In addition, you don’t want to interfere with the important physical work of the heart by doing a lot of energy work from this chakra. Let your heart muscle pump blood; let your feelings of love and like and hatred and dislike flow in and out of your heart chakra. Feel close, feel distant; feel. But when you want to find a quiet space to simply be, perceive, get back in synch with your body, consciously and confidently release energy that isn't really you, and call back in the energy that is, bring your awareness to your sixth chakra as we’ve described.

The center of your head is such a relaxing place because of the neutrality, clarity, and certainty it offers.

To illustrate this further, think of your first chakra at the base of your spine. From the center of your head, just imagine it. (Notice how you want to go there energywise as soon as I mention it? That’s the habit of sending your energy wherever someone points you to.) This is where your survival information is stored. Here your fight-or-flight mechanisms are triggered: great, useful information if indeed your physical survival is threatened. If you’re having a physical emergency, you immediately leap into your first chakra at the clanging bells of adrenaline.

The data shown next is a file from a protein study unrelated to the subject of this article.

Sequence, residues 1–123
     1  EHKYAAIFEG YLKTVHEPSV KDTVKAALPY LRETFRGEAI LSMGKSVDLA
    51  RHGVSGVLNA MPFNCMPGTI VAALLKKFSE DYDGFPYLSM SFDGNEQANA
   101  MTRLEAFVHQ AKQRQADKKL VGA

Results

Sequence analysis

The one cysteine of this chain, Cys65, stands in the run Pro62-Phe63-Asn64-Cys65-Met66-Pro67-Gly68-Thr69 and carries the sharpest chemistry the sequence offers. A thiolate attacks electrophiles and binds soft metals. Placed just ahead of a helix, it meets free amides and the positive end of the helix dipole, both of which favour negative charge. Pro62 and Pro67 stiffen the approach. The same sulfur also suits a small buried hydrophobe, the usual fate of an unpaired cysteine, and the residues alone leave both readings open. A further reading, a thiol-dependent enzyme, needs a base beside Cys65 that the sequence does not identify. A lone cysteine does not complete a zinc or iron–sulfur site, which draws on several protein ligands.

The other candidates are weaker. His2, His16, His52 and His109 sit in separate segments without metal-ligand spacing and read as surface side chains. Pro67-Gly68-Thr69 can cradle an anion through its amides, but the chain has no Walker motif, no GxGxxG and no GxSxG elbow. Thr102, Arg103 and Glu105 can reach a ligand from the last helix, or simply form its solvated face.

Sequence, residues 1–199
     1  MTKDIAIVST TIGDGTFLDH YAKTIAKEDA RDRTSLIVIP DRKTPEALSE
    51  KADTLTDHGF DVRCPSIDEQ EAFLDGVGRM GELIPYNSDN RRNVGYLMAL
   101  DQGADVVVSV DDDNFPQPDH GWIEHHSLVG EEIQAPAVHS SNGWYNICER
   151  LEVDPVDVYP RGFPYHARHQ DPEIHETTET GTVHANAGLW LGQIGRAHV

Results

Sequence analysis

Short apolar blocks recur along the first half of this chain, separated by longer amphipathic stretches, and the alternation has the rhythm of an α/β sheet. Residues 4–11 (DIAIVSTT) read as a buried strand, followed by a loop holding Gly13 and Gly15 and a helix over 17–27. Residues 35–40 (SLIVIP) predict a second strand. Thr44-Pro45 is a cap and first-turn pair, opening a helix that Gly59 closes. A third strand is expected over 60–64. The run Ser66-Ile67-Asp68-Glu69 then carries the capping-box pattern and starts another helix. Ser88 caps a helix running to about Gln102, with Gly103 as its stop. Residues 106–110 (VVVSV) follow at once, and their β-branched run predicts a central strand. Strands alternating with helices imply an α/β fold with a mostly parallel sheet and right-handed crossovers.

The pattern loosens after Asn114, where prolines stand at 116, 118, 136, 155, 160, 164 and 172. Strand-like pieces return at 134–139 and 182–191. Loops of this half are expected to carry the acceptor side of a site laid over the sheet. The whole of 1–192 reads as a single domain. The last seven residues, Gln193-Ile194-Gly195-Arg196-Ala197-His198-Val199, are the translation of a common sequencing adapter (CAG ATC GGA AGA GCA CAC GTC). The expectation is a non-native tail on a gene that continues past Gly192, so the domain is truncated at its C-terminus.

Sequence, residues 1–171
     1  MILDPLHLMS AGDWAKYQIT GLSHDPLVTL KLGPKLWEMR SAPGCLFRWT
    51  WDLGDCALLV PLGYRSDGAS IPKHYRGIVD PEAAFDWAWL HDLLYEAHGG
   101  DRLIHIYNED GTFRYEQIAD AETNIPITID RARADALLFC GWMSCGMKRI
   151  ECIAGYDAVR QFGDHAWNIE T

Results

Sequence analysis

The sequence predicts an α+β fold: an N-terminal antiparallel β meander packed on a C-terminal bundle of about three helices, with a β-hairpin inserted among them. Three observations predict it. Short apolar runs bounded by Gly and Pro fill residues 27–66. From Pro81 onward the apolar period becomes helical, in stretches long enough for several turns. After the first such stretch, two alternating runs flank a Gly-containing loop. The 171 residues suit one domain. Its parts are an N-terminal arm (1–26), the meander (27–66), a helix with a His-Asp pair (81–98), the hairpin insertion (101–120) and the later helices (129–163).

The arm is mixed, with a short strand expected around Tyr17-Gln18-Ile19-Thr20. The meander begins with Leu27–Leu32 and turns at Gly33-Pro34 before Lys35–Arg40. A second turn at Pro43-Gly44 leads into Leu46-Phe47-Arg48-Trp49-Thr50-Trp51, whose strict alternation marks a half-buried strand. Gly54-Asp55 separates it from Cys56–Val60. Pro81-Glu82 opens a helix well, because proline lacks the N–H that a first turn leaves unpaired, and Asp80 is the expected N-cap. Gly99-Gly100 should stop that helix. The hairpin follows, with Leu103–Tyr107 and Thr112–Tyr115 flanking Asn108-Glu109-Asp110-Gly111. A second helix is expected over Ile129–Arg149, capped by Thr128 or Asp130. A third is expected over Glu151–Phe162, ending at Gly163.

But normally, you don’t want to be engulfed in that stressful, save-my-life response. You don’t want to sit in the middle of pure survival data when instead you’re seeking a restful, calm, clear seat in your body. You’re looking to release stress, not experience it.

get neutral from The Spiritual Mechanics of Diabetes blogThe other main chakras also are rich with abilities and information: the second chakra, where you experience emotions and sensuality, where you might experience a “gut feeling”; the third chakra, a crucial one for diabetics as it’s related to the pancreas and controls will, identity, and running the physical body; the fourth, the heart chakra, which we’ve just discussed; the fifth, or throat, chakra, which contains your communication abilities; the seventh, or crown, chakra, where you might “know things off the top of your head.”